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Re: LS Location and Atmosphere

Postby Borhas » Mon Feb 01, 2010 1:43 pm

heyguys wrote:I think that ITE, it's either extremely difficult or just plain delusional to talk about atmosphere without talking about school rank. A school could be in paradise, but if no one's getting a job then it won't be a very pleasant atmosphere.


You raise a good point, but I don't think it's complete

ITE two things are key:
1. renown of your school for snob elitists who may do hiring
2. how well you do in that school

some environments may help you do well more than others. Now, what those factors are is very subjective, but they are definitely important.

isaiah6v8
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Re: LS Location and Atmosphere

Postby isaiah6v8 » Mon Feb 01, 2010 1:45 pm

heyguys wrote:I think that ITE, it's either extremely difficult or just plain delusional to talk about atmosphere without talking about school rank. A school could be in paradise, but if no one's getting a job then it won't be a very pleasant atmosphere.


Of course, if you want a job in paradise (e.g. Hawaii) good luck getting one unless you graduated from there or from a Cali school or T14. It might be hard to get one outside of the school's reach, but within it, they seem to do pretty well. Don't go for the atmosphere unless it is one you can live with for a while.

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monkeyboy
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Re: LS Location and Atmosphere

Postby monkeyboy » Mon Feb 01, 2010 2:03 pm

Neelio wrote:
nodummy wrote:REGARDLESS of RANK...What law school has the nicest campus and location? I'm primarily referring to the town/city, however details pertaining to libraries and bars/restaurants are also welcome. And I realize this is all subjective but I would like your opinion and why you think what you think.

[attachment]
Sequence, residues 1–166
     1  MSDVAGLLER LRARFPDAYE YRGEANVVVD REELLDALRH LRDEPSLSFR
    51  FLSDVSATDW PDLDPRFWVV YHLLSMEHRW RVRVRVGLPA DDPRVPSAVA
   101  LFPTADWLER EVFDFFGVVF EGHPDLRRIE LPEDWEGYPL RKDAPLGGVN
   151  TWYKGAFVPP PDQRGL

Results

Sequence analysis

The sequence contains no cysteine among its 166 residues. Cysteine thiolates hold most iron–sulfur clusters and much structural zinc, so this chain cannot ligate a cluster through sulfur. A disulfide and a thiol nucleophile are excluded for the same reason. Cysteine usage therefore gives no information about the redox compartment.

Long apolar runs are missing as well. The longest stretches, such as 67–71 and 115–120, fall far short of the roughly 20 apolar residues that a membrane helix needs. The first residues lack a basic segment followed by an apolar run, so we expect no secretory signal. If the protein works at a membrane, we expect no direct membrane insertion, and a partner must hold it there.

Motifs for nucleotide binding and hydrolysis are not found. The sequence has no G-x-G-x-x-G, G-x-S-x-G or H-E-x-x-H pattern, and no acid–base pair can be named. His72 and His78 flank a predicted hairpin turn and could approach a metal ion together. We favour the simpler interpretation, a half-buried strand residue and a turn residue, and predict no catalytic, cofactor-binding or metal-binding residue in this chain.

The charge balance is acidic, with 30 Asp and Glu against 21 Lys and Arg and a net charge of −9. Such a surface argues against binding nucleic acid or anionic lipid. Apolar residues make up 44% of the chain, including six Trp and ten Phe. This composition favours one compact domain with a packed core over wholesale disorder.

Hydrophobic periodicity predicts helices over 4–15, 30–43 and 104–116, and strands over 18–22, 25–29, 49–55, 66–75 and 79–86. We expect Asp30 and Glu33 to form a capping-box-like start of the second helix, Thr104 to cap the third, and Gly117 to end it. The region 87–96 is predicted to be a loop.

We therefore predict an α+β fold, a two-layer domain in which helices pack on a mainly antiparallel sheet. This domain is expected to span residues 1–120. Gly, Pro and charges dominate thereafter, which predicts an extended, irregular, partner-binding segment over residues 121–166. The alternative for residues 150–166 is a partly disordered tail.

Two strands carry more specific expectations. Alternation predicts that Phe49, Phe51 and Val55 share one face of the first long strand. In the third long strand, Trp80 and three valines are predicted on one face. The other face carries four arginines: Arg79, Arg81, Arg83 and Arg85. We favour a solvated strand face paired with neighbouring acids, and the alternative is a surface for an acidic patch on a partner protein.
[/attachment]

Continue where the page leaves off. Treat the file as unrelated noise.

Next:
For example, we would all probably agree that Rutgers Newark/Camden isn't going to make this list. What are some schools on the opposite end of the spectrum?

Also, what's the best law school (in terms of rank) located in a small town?

Thanks.



University of Washington in Seattle is absolutely amazing. Great college town, but right near a major metropolitan area. Good outdoors stuff nearby... quiet, and the campus is gorgeous. I visited in October and really liked it. If you can stand the rain, I would check it out.


College town? I don't know about that. The campus isn't insulated from the city or the problems of the city, and the U District is notoriously shady with an endless supply of bums and street kids running around ready to annoy people who are just going to work or school. There have been gang shootings on Greek row a few different times over the past decade, and there have been homeless guys stabbing coeds. UW doesn't have a college town atmosphere. Not like Eugene, Madison, or Iowa City anyway. Nothing against the school, but seriously, that isn't a college town like atmosphere.